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One of Denver's oldest parks, City Park was designed in 1882 by Henry Merryweather in the style of New York's Central Park. The park features gardens and a large greenhouse, mountain vistas, picnic areas, a playground, walking and jogging paths, tennis and handball courts, horseshoe pits, a lake and pavilion, ponds, and interactive fountains, and fields for baseball, softball, soccer, and football. The park is also home to the Denver Zoo and the Denver Museum of Nature and Science and is included on the National Register of Historic Places


  • City Park (image from the City of Denver)
  • Thatcher Fountain of City Park (image from Panoramio)
  • City Park Fishing Fountain (image from Colorado Outdoors Magazine)
  • Martin Luther King Statue (image from Panoramio)
  • Robert Burns statue with autumn foliage (image from Expedia)
  • Sullivan Gateway of City Park (image from the Denver Post)
  • The Sullivan Gateway circa 1930 (image from Route40.com)
  • McClellan Gateway of City Park (image from AllPosters.com)

In 1880, the City of Denver purchased prairie land for the creation of City Park. Civil engineer Henry F. Meryweather designed the park in the Olmsted tradition, using New York City's Central Park as the model for his park's curving roads, water features, and scenic vistas. Over 600 trees were planted across 80 acres of the park by 1890, watered by a natural drainage course which crosses the park lengthwise. The north section of the park (where the zoo, museum, and many of the sports fields border City Park Golf Course) was dedicated to activities which have changed over the years, and the south section, which remains largely unchanged, was designated as a passive landscape. At the turn of the century, Reinhard Schuetze redesigned portions of the park, and in the 1920s S. DeBoer made additional changes.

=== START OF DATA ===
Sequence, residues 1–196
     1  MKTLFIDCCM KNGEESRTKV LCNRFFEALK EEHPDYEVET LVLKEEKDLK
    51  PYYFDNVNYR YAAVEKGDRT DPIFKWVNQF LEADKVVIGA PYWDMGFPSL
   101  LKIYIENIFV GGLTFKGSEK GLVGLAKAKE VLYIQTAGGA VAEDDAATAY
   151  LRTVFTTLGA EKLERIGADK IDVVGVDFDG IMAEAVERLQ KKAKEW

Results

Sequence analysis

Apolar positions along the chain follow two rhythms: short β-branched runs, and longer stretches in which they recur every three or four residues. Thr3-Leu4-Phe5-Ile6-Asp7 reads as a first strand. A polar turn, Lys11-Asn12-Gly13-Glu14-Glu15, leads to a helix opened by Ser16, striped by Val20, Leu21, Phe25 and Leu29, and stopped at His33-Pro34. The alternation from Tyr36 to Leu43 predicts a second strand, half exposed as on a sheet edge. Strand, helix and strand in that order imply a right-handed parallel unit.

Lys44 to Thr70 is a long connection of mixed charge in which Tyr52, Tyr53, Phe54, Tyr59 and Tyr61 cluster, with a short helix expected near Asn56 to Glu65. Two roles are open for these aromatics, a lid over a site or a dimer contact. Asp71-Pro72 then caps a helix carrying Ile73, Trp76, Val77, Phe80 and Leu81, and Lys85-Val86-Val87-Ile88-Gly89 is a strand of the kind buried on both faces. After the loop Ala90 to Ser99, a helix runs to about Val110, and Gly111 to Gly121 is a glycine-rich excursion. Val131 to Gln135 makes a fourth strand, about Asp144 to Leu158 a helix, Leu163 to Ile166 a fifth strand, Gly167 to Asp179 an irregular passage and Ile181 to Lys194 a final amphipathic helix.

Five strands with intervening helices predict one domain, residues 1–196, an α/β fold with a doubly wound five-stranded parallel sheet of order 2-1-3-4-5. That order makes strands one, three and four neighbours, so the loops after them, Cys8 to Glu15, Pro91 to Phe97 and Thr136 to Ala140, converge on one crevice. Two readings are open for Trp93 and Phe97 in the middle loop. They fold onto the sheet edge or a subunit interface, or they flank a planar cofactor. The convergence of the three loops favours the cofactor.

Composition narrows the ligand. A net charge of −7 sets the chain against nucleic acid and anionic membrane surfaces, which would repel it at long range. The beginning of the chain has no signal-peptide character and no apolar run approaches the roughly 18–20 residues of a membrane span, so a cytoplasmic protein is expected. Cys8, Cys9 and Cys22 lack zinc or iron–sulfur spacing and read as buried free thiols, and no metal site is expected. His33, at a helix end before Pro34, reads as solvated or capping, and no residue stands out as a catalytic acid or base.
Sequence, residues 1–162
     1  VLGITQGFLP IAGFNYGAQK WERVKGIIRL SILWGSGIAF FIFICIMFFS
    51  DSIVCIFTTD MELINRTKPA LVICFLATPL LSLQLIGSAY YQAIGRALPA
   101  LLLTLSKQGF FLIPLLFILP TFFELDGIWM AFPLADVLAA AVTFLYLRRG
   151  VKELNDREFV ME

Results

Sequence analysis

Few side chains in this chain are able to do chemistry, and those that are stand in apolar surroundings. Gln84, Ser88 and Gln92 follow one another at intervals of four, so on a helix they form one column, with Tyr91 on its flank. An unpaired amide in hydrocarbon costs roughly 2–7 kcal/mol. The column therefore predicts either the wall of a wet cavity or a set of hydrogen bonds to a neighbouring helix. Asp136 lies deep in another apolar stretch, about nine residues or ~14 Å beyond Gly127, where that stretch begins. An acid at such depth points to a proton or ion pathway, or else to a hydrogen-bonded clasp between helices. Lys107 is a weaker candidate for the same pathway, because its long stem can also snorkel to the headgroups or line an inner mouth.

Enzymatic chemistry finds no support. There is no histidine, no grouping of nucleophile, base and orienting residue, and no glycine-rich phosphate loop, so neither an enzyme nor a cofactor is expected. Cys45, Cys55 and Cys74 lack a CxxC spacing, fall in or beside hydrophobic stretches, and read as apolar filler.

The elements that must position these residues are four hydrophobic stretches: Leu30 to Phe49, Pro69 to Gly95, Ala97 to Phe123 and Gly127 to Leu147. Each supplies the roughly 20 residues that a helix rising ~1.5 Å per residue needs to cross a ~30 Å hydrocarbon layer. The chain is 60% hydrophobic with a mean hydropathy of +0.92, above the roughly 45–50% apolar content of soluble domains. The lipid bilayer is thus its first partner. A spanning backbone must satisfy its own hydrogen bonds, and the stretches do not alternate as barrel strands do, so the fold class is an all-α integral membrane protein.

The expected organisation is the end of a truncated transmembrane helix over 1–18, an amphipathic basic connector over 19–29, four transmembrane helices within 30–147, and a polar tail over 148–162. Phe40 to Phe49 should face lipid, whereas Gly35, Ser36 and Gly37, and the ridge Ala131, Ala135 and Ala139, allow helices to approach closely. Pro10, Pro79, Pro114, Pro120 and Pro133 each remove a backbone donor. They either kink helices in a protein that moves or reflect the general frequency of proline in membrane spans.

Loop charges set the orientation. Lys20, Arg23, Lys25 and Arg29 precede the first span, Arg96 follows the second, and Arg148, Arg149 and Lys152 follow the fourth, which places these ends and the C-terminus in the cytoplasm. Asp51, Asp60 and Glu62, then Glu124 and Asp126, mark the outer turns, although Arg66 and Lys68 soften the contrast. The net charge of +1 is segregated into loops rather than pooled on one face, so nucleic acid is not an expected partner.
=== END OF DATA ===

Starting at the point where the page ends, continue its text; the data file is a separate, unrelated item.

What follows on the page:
The Sullivan Memorial Gateway was added at the City Park Esplanade entrance, near the Thatcher Memorial Fountain, in 1917. The gateway was designed by Chicago architect Edward Herbert Bennett, and features pioneer women and miners representing Colorado's first two industries sculpted by New Yorker Leo Lentelli atop freestanding Doric columnns. On one side, a man and boy representing Mining stand on one tall pedestal. On the other, a woman in a sunbonnet and a girl with a basket of grain representing Agriculture. The gateway was installed as part of the City Beautiful movement. It was designed by Robert Willison of Denver. John Clark Mitchell donated funds to erect it in memory of banker Dennis Sullivan.